Based on this, I conclude that extremism in the name of religion is to be expected by the very nature of those beliefs.  Religion inevitably gives birth to extremists, who may be disavowed by most believers but who are definitely committing violence in the name of religion.  It would certainly be wrong to accuse all religious believers of extremism, but it seems evident to me that any religion (even the non-Abrahamic ones) can become the wellspring of religious violence.

On the other hand, atheism makes no claims to absolute truth and there are no sacred documents in atheism to cite that condone violence.  [Please don't bring up Communist atheism!]

#4 - this one I claim fully.  I'm criticizing religions unfavorably, especially the Abrahamic religions.  Can I not do so without being faulted simply for doing so?  What makes religion immune from criticism?  In a world of logic and evidence, there should be nothing that's above criticism.  I certainly make no such claim (i.e., to be above criticism) for myself, but if you're going to criticize me, let it be on on the basis of logic and evidence, not mythology, hearsay, and belief in the absence of evidence. 

#5 - If I ever thought I could destroy religion, I might wish to do so, since so much violence and obstruction of human goals has been done in the name of religion.  The simple fact is I'm not going to eradicate religion with my words, and I have no intention of trying to do so by violent actions.  Religion isn't going away just because I wish it would.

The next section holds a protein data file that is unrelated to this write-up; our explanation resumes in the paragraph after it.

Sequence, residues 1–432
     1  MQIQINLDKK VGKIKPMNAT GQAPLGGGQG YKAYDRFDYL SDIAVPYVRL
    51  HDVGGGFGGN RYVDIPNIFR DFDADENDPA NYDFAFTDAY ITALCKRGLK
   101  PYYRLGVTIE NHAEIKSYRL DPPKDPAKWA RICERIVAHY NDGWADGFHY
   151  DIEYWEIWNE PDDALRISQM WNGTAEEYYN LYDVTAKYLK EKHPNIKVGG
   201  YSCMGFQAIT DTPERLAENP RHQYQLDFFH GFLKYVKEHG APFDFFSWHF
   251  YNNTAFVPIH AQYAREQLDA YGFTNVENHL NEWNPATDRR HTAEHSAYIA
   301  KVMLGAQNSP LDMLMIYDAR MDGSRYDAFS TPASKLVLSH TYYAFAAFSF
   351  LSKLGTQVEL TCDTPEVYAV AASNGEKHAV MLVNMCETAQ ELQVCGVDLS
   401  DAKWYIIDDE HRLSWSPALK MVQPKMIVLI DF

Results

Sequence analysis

At the very best, I can hope perhaps to stimulate a few to think and act upon the questions they have in their minds about the propaganda they've been forced to absorb, perhaps eventually choosing to throw off the cloak of mythology and superstition in favor of a secular humanist worldview.  And I hope to offer some new insights to the discussion.

In conclusion, my criticisms can be interpreted as "attacks" in a limited way, but they do nothing to restrict the rights of anyone to believe as they choose.  If I'm mystified about how otherwise intelligent humans can embrace irrationality and illogic, that's my problem, not theirs.  My criticisms aren't "forcing" my beliefs on anyone.  Just don't force religious beliefs on me by imposing your dogma onto all us via governmental actions (like laws banning liquor sales on Sunday).  

You're welcome to try to persuade me I'm wrong, and if you can find convincing evidence, I'm willing to be persuaded.  Are you equally willing to be persuaded not to believe? 

1 comment:

Chuck Doswell said...


For many believers, it seems that any question or criticism regarding their religion is a personal attack on them. I suppose they've identified with their belief so thoroughly that an "attack" of the sort I've described is perceived as being aimed at them, rather than the religion. This conflation of the person with their beliefs might be seen by some as admirable, I suppose, but it leads directly to a flawed perception.

I respect anyone's right to believe whatever they want. I respect them as human beings, but I do not have to respect their beliefs. If that offends anyone, it's their problem, not mine.